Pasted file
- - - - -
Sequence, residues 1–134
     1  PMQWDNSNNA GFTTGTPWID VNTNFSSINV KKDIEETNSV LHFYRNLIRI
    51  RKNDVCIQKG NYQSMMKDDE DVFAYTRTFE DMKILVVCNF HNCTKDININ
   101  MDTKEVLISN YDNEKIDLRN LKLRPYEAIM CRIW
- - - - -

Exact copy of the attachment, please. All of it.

Sequence, residues 1–134
     1  PMQWDNSNNA GFTTGTPWID VNTNFSSINV KKDIEETNSV LHFYRNLIRI
    51  RKNDVCIQKG NYQSMMKDDE DVFAYTRTFE DMKILVVCNF HNCTKDININ
   101  MDTKEVLISN YDNEKIDLRN LKLRPYEAIM CRIW